The percentages of never-married men and divorced men were among the county's highest. A high number of the residents were military veterans—8.4% of the population, the percentage who served during World War II or the Korean War being among the county's highest. Hollywood Hills West residents aged 25 and older holding a four-year degree amounted to 58.8% of the population in 2000, considered high when compared with the city and the county as a whole, as were the percentages of residents with a bachelor's or a postgraduate degreeThere is just one school within the neighborhood's boundaries: Wonderland Avenue Elementary School, operated by the Los Angeles Unified School District at 8510 Wonderland Avenue. The neighborhood is home to three City of Los Angeles recreation facilities—Laurel Canyon Park, Wattles Garden Park and Runyon Canyon Park. Hollywood Hills West Neighborhood Council Comments about living in Hollywood Hills West Hollywood Hills West crime map and statistics
Coahuilaceratops is a genus of herbivorous ceratopsian dinosaur. It is a chasmosaurine ceratopsian which lived during the Late Cretaceous period in what is now southern Coahuila in northern Mexico, it is known from the holotype CPC 276, a partial skeleton of an adult individual which includes several skull elements. Another specimen, CPS 277, may represent a juvenile Coahuilaceratops. All specimens of Coahuilaceratops were collected from a single location in the middle strata of the Cerro del Pueblo Formation, which dates to between 72.5 and 71.4 million years ago. It was formally described in 2010, though it appeared as an informal designation as early as 2008. Coahuilaceratops was named by Mark A. Loewen, Scott D. Sampson, Eric K. Lund, Andrew A. Farke, Martha C. Aguillón-Martínez, C. A. de Leon, R. A. Rodríguez-de la Rosa, Michael A. Getty and David A. Eberth in 2010 and the type species is Coahuilaceratops magnacuerna. Although based on incomplete remains, Coahuilaceratops is thought to possess among the largest horns of any dinosaur known, rivaling in absolute size those of larger chasmosaurines like Triceratops and Torosaurus.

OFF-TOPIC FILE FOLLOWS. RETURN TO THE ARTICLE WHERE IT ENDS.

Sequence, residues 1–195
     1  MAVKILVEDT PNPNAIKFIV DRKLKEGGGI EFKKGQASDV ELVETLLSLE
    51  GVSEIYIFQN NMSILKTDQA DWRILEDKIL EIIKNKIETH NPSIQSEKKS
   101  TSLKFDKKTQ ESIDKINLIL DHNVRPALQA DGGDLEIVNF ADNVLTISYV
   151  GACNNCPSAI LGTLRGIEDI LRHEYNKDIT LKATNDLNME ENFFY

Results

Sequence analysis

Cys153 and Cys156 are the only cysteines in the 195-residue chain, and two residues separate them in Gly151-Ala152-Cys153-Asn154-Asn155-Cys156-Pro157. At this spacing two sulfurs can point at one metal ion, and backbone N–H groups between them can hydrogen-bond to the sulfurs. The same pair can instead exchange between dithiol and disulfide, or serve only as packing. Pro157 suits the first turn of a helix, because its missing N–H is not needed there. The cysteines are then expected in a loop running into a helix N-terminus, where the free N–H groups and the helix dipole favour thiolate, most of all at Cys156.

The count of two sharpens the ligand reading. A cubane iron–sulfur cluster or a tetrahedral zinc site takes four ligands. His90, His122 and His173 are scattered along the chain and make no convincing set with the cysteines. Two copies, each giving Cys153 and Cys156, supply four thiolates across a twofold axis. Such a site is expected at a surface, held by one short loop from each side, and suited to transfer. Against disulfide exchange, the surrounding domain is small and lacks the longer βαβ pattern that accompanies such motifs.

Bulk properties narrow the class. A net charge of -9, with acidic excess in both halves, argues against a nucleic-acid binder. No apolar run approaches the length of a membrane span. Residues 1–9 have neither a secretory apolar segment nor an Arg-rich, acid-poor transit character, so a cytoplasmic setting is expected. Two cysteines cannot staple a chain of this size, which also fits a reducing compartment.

Its horns are estimated to have been up to 1.2 m long. Coahuilaceratops is a member of the Chasmosaurinae. Below is a cladogram that represents the findings of Donald Henderson. Coahuilaceratops and Bravoceratops were resolved as sister taxa yet in a recent analysis by Mallon et al. Bravoceratops was removed from the Chasmosaurinae because it decreased resolution in the authors' analysis. Timeline of ceratopsian research
Orabazes II was a king of Characene a kingdom located at the head of the Persian Gulf. His reign was from 150/51 to 165, he was a relative of the Parthian king Vologases IV. Like most Characene rulers he is known from his coins; as his rule was in the latter part of Characene history, at a time when the state was weak, we find that the spelling of his name varies between coins and that legends on his coins are partially corrupt. Furthermore, so far only two coins are known that carry a readable date, he is the first Characene ruler to use Aramaic text although the images on the coin are still Hellenistic. Gregoratti, Leonardo. "The Arsacid Empire". In Daryaee, Touraj. King of the Seven Climes: A History of the Ancient Iranian World. UCI Jordan Center for Persian Studies. Pp. 1–236. ISBN 9780692864401